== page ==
Thursday, January 29, 2015

The case for liberal optimism

by John Micklethwait


January 31, 2015

This newspaper churlishly deprives its editors of the egocentric adornments of our trade. Tragically, these pages include no weekly “editor’s letter” to readers, underneath a beaming, air-brushed picture. Online, there is a weekly e-mail, but that comes from your “desk”, not you. As editor, you spend your time in deplorable obscurity, consoled merely by the fact you have the nicest job in journalism. But there are two indulgent exceptions: a brief mention when you are appointed; and this valedictory leader, which attempts to sum up the world that has hurtled across your desk.

It starts on the first day, and never lets up. There are elections, coups, wars, bankruptcies and tsunamis. Science throws up discoveries and ideas. A pantomime of Putinesque villains and Berlusconi-style clowns force themselves onto the cover. But for the things this newspaper cares about, the past nine years have been a battle, one that has left me in a state of paranoid optimism. Paranoia because so much remains under threat; optimism because, for the most part, the creed this newspaper lives by is strong enough to survive.

That applies first to The Economist itself. One of my earliest covers asked “Who killed the newspaper?” (August 24th 2006), and this newspaper has arguably faced more change in the past nine years than it did in the previous century. On April Fool’s Day 2006, when, appropriately, I began this job, Twitter was ten days old, our print advertising was growing and social media was something to do with a very good lunch.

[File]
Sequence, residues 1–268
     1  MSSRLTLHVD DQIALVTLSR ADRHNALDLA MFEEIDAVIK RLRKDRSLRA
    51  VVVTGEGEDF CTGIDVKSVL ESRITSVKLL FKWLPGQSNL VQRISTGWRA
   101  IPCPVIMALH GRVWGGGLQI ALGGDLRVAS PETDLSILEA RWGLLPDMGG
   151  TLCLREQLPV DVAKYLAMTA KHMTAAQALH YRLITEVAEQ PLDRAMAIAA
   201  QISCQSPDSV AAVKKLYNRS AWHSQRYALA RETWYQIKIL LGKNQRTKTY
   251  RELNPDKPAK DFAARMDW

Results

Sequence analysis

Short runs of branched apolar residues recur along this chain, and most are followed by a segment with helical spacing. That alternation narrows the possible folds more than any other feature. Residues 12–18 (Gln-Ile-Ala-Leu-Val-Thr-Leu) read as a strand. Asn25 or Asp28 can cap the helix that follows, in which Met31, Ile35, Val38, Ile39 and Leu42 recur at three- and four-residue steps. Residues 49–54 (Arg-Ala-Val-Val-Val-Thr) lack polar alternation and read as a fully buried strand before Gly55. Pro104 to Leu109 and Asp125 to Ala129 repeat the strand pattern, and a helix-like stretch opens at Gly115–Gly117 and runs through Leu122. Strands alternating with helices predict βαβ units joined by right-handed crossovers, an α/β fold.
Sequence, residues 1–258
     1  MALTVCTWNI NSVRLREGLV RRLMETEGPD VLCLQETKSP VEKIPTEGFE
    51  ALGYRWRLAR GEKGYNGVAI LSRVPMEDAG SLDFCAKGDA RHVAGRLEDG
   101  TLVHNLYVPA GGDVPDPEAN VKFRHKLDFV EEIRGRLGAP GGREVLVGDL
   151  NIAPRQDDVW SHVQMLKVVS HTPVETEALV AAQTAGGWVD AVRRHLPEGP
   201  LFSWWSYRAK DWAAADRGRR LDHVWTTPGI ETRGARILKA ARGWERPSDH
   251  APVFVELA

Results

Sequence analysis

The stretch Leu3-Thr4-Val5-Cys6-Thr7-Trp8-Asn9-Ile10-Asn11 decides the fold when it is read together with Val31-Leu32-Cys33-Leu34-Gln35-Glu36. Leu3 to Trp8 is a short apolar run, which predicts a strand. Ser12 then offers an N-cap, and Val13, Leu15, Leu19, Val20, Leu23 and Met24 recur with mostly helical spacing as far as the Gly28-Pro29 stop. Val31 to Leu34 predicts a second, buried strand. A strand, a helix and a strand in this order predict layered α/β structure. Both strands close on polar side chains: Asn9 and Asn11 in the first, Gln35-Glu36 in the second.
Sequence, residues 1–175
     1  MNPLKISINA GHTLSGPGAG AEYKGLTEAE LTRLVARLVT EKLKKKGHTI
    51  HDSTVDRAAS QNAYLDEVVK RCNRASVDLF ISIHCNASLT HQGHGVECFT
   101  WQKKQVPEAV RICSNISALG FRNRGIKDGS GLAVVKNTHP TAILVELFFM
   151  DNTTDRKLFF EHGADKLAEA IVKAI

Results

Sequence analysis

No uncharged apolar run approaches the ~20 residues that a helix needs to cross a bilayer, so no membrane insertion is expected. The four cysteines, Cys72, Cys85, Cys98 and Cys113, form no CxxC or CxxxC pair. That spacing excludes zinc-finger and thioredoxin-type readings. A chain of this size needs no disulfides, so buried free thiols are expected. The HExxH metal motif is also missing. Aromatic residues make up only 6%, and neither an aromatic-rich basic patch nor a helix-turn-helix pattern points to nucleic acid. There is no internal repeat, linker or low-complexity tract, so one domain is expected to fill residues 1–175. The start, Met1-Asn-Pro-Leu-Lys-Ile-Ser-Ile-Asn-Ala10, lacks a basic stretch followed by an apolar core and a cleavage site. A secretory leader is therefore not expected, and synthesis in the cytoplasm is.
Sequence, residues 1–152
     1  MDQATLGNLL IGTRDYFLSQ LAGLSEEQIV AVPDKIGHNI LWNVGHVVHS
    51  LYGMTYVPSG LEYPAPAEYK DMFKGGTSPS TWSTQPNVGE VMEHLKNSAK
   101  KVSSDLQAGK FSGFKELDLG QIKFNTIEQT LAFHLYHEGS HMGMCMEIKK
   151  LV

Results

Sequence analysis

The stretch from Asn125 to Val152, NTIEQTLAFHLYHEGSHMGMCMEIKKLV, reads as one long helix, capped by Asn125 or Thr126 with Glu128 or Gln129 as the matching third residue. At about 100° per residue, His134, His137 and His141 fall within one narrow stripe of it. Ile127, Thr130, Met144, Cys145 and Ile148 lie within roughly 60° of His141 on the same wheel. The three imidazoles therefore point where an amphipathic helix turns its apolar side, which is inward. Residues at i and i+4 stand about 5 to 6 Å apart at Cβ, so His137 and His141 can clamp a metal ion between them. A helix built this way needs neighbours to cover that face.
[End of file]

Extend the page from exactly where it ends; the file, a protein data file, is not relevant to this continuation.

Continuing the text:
So any modern editor who is not paranoid is a fool. But my optimism remains greater, both about The Economist and the future of independent journalism. That is partly because technology gives us ever more ways to reach our audience. In 2006 our circulation was 1.1m, all in print. Now it is 1.6m in print, digital and audio. Already half a million of you have downloaded our new Espresso app; we are adding over 70,000 Twitter followers each week. Media is not the race to the bottom that pessimists forecast. People want to read about the Kurds, Keynes and kokumi as well as the Kardashians. Ever more go to university, travel abroad and need ideas to stay employable—and will pay for an impartial view of the world, one where the editor, whatever his faults (or from now on, her virtues), is in nobody’s pocket.